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Osborne and Pickles: talking, not listening

5 September 2011

Responding to comments made by Chancellor George Osborne and Communities Sectary Eric Pickles in a joint article for the Financial Times (, Shaun Spiers, Campaign to Protect Rural England Chief Executive, says:

“The Treasury’s ill-informed intervention in the planning debate reinforces the sense that the Government’s planning reforms are more about boosting short term growth figures than about truly sustainable development.  

“It is unfortunate that just as Greg Clark has offered to talk with critics of the draft National Planning Policy Framework (NPPF), his senior colleagues have indicated that they are unwilling to listen or to compromise, preferring to talk of their ‘determination to win this battle’. 

“No one is defending unacceptable delays in the planning system.  We agree that it needs reform.  And we agree that the country needs many more homes, particularly affordable homes. 

“But there is no good evidence that the planning system is stopping us building the homes we need, or that it is holding back economic recovery.  The Government’s proposals to skew the planning system in favour of economic development at the expense of environmental and social considerations are unlikely to result in more development, just more poor quality development on greenfield land.

“Unless the Government thinks again, its proposals will cause irreversible damage to both our towns and countryside.  It is time that David Cameron stepped in to ensure a planning system that can genuinely serve the public interest, not just short-term economic interests.”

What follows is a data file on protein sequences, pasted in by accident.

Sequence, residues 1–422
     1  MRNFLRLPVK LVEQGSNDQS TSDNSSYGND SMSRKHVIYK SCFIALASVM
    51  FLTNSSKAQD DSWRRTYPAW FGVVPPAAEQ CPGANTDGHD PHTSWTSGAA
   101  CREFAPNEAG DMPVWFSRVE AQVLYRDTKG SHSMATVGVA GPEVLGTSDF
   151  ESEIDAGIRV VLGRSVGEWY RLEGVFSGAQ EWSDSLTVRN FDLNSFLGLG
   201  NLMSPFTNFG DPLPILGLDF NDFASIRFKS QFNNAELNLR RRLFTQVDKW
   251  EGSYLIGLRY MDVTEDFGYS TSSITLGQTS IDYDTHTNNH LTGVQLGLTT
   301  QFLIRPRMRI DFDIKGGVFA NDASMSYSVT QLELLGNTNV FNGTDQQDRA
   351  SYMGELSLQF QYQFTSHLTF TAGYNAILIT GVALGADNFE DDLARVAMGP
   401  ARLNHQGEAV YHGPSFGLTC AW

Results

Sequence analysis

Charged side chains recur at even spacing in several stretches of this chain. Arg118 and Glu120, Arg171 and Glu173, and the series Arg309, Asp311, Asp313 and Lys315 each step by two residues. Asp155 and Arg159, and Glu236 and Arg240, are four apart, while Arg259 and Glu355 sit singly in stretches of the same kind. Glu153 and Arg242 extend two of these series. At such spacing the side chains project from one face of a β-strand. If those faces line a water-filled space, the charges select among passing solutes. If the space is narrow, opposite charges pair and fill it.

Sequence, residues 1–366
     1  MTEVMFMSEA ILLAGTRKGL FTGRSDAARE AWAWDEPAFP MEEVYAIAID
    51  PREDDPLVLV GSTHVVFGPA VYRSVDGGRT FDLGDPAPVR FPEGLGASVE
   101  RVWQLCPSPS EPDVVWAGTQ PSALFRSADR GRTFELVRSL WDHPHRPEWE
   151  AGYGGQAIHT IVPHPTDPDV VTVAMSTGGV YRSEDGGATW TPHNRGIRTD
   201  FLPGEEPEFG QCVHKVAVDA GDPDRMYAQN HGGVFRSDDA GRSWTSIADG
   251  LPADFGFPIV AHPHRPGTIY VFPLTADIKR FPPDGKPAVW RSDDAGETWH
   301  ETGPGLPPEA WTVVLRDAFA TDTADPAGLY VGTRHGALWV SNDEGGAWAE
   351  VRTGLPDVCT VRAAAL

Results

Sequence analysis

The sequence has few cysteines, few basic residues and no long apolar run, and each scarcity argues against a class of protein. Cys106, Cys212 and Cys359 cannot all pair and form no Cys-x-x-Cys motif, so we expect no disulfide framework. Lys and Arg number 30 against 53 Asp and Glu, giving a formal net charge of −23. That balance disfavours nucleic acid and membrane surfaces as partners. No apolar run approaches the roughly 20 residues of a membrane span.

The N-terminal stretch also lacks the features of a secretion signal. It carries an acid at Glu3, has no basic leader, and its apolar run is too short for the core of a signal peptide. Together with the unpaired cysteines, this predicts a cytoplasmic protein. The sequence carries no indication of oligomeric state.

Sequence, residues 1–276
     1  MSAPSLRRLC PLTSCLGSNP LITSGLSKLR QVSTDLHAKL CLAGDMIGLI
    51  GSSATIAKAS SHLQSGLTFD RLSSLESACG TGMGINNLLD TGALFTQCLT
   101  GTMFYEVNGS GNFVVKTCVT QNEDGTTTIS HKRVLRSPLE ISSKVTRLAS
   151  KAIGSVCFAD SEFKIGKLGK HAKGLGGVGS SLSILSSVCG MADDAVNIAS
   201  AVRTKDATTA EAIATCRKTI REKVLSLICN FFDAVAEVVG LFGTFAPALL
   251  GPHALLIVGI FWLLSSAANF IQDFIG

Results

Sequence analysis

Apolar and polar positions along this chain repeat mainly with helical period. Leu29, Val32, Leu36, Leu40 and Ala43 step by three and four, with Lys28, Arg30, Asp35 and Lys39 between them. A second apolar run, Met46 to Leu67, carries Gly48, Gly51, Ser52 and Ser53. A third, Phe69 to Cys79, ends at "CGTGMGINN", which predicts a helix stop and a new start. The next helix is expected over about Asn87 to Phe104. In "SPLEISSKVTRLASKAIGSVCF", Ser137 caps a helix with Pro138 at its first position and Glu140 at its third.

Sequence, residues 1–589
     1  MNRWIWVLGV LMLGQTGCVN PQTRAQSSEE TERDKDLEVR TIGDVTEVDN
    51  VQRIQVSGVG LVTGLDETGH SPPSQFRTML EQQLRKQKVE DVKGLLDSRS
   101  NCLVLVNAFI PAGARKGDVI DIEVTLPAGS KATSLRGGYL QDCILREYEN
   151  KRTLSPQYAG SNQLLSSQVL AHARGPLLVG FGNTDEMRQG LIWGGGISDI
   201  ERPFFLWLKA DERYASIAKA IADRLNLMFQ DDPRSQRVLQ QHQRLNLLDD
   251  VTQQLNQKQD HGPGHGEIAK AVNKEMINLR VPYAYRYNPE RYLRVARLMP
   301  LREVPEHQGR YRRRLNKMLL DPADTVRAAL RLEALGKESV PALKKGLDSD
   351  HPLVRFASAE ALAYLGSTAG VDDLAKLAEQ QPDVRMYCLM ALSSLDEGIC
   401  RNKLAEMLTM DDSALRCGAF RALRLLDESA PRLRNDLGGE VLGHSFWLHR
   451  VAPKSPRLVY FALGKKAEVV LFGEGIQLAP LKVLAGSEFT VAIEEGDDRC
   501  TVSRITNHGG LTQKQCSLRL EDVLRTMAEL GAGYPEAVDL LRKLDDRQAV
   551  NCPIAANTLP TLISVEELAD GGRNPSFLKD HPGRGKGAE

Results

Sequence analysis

This is not the first time that the Treasury has attempted to undermine the public interest role of planning and elevate economic ends over people and places.  Commenting on Gordon Brown’s efforts to liberalise the planning system in 2004, Eric Pickles said:

“The Treasury seems … determined to loosen control to make development easier…  Adding to suburban sprawl will detract from rather than help urban regeneration and Brownfield redevelopment, and fuel the migration from our towns and cities.”

He went on to say: “There has to be a greater emphasis on regenerating our towns and cities, and using previously developed Brownfield land on which to focus new development.  That has the advantage of building within communities rather that over them.” [1]

The draft NPPF proposes to end the ‘brownfield first’ policy first introduced by the last Conservative Government in 1995.

Notes to Editors
[1] Eric Pickles website:

The Campaign to Protect Rural England (CPRE) fights for a better future for the English countryside. We work locally and nationally to protect, shape and enhance a beautiful, thriving countryside for everyone to value and enjoy. Our 57,000 members are united in their love for England’s landscapes and rural communities, and stand up for the countryside, so it can continue to sustain, enchant and inspire future generations. Founded in 1926, President: Bill Bryson, Patron: Her Majesty The Queen.

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